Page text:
There is a wrinkle here; the Firebase API is only going to give us a filename. It is up to us to download the file to whatever instances this function is running on. We could say this unit of code is also responsible for downloading as well. However, due to a dependency on the Firebase APIs, we would then need to bring in an external dependency whenever we ran this test. How can we avoid this?

What if we followed the approach we have taken so far and put that functionality behind an interface? Essentially, we segment the difficult to test behavior away from the current unit we are testing.

export interface FileService {
  // download takes in where it needs to download from and returns a string containing the downloaded file path
  download(location: string, filePath: string): Promise<string>;
}

Now we can adjust our tests and add in one more mock to our setup, right before we create our controller:

const mockFileService = SafeMock.build<FileService>();
when(mockFileService.download("test-bucket", "test-filename")).resolve(
  "./tests/GamesOfTheYear/fixtures/two-games.csv"
);
const controller = new CloudStorageGamesOfTheYearController(
  mockFileService,
  mockGamesOfTheYearService
);

This mock looks a little different from the mockGamesOfTheYearService we did previously. In this case, we are taking in two parameters and return our filename if, and only if, these two parameters match. To make sure that happens, let's change the ObjectMetadata that we are invoking our controller with to one that matches our mock:

await controller.create(
  createMockStorageObject({
    bucket: "test-bucket", // previously "bucket"
    name: "test-filename" // previously "filename"
  })
);

We also need to add a local file fixture, two-games.csv:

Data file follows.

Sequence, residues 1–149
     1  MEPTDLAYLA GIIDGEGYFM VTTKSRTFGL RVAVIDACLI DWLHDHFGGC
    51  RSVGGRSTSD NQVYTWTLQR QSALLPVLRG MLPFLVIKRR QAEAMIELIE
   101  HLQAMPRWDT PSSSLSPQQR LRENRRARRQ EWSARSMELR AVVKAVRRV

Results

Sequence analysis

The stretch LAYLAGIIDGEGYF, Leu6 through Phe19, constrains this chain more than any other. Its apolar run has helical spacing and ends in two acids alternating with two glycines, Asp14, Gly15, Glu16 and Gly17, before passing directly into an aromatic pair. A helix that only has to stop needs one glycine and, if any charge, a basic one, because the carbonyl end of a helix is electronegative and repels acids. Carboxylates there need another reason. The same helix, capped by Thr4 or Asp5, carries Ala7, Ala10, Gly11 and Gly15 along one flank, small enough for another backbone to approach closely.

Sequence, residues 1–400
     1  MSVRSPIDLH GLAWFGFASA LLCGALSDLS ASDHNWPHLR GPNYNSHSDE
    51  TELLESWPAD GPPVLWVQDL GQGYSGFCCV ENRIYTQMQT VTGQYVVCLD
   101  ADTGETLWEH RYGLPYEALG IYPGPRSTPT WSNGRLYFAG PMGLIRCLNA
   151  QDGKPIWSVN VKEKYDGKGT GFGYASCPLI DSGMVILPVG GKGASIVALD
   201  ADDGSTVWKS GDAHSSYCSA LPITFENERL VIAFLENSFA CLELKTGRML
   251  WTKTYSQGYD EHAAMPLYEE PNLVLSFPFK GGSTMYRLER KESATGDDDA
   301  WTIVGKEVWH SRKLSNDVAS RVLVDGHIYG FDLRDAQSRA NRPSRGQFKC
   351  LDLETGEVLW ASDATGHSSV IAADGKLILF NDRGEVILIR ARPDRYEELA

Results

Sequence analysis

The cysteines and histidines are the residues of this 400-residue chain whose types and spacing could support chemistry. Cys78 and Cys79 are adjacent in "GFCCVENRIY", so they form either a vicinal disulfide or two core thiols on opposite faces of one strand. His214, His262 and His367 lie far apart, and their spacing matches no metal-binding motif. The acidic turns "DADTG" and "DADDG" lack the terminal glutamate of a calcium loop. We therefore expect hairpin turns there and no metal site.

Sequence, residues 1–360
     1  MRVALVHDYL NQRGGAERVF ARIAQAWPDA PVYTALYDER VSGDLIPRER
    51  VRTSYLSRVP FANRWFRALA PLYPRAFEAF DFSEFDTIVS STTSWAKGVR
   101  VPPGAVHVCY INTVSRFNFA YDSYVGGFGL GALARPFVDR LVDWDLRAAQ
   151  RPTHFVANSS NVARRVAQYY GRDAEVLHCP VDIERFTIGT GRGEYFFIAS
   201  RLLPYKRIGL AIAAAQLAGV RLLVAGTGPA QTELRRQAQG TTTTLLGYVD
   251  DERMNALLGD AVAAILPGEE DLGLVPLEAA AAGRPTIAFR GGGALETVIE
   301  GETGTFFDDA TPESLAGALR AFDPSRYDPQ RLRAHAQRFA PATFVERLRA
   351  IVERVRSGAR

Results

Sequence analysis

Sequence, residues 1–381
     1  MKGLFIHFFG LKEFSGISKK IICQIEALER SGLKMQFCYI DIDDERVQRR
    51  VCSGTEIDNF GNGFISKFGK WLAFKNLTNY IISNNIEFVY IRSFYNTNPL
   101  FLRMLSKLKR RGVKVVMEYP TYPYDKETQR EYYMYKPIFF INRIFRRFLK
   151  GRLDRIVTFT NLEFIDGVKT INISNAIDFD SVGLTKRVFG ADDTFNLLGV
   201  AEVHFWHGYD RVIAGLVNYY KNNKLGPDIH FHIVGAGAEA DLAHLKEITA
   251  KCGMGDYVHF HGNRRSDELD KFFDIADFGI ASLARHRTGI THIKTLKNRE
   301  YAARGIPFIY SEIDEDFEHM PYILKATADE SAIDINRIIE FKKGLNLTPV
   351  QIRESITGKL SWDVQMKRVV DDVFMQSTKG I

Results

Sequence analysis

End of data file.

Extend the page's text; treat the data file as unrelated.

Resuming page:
game,publisher,year,rating
Slay The Spire,Mega Crit Games,2019,89
God Of War,Sony Interactive Entertainment,2018,95

This file is loaded from our local filesystem and used to ensure that our function can load a file and read it.

Our tests are now in an excellent place to drive our implementation. Let's run our tests first to make sure we haven't messed something up and that we have a red test.

icon

FirebaseGamesOfTheYearController 1) adds a GamesOfTheYear

0 passing (15ms) 1 failing

  1. FirebaseGamesOfTheYearController adds a GamesOfTheYear:

    Error: add was not called with: (Array[{"game":"Slay The Spire","publisher":"Mega Crit Games","year":2019,> "rating":89},{"game":"God Of War","publisher":"Sony Interactive Entertainment","year":2018,"rating":95}])

    • expected - actual

    -[] +[

    • [
    • {
    • "game": "Slay The Spire"
    • "publisher": "Mega Crit Games"
    • "rating": 89
    • "year": 2019
    • }
    • {
    • "game": "God Of War"
    • "publisher": "Sony Interactive Entertainment"
    • "rating": 95
    • "year": 2018
    • }
    • ] +]

Awesome! Our test is failing exactly like we want.

Let's implement our controller:

// 'cvstojson' is an NPM module to load our CSV
import * as csvtojson from "csvtojson";
import { FileService } from "./FileService";
import { GamesOfTheYearService } from "./GamesOfTheYearService";